AM News: Insert Headline Here
Romney: Students Should 'Go to the School of Their Choice' EducationNation: In an exclusive interview with NBC's Brian Williams, Republican Presidential candidate Mitt Romney called his education plan revolutionary and said funds should follow the student. NBC's Rehema Ellis reports.
Obama and Romney: Where they stand on the issues The Associated Press: A look at where Democratic President Barack Obama and Republican presidential rival Mitt Romney stand on a selection of issues:
Shooting for state ed commission, teens launch Student Voice GothamSchools: A handful of New York State high school students have banded together to create Student Voice, an organization devoted to empowering students. Their first project is to get representation on Gov. Andrew Cuomo’s education reform commission, where they say students are imperative to conversations about teacher evaluations and technology policy.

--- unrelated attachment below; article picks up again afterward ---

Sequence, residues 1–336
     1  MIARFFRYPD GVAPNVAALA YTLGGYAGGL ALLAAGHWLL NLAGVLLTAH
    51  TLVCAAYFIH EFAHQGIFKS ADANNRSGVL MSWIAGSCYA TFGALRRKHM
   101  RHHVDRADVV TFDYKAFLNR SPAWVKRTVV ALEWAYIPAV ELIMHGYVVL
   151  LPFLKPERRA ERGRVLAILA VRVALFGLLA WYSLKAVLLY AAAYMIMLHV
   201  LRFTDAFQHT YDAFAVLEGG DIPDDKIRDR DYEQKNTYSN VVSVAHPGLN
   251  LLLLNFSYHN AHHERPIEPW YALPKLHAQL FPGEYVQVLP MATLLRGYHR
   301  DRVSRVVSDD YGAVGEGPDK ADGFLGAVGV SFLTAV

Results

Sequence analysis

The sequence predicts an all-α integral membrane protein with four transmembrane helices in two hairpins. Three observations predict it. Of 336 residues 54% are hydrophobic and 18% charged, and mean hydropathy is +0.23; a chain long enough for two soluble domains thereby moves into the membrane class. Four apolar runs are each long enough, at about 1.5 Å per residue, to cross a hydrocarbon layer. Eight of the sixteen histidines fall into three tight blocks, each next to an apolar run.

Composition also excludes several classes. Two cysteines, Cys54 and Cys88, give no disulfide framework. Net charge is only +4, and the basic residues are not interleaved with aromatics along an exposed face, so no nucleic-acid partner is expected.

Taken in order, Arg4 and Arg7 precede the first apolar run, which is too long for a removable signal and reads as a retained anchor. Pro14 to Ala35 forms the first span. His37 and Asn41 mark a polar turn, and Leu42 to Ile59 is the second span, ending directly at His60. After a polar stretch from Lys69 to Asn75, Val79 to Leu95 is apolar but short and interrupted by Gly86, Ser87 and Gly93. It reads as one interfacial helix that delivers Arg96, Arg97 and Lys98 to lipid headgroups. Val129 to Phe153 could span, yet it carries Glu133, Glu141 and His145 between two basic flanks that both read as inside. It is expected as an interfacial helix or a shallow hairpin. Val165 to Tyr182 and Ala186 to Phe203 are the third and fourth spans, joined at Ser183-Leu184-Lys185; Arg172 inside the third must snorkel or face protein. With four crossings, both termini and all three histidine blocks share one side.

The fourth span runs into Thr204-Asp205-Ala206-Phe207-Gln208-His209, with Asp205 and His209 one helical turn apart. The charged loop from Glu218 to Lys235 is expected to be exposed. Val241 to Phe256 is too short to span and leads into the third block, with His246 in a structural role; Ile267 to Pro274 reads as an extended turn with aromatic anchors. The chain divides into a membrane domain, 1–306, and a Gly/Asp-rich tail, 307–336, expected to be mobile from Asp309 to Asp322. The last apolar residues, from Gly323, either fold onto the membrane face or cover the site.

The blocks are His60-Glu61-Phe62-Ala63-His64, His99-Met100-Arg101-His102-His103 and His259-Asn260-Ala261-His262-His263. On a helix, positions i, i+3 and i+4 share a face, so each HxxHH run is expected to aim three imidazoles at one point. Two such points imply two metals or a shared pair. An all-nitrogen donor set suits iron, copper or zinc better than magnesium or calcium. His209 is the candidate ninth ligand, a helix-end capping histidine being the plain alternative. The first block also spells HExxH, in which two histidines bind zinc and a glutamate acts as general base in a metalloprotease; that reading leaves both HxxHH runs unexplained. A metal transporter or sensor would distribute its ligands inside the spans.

Marines aim to counter teachers' opposition to recruiting students EdWeek: While some areas of the state embrace the military, the Los Angeles Unified School District, second largest in the country, has been more reticent. It gives recruiters no more access to students or their information than is granted to any other potential employer.
Great Schools Compact asks Gates Foundation for $2.5 million to train teachers, principals Philadelphia Notebook: Seeking to create a “pipeline” of principals and teachers who are better equipped to deal with the real-world challenges found in Philadelphia’s toughest schools, city education leaders submitted this week a three-year, $2.5 million grant proposal to the Bill & Melinda Gates Foundation.
98 D.C. teachers fired for poor performance Wasington Post: D.C. school officials said Wednesday that 98 teachers were fired this week for poor performance, a large-scale dismissal that has become almost routine in the city but remains rare among school systems nationwide.
Math and science fields battle persistent gender gap USA Today: Some colleges that specialize in math- and science-related fields have taken steps to increase female enrollment and are seeing results.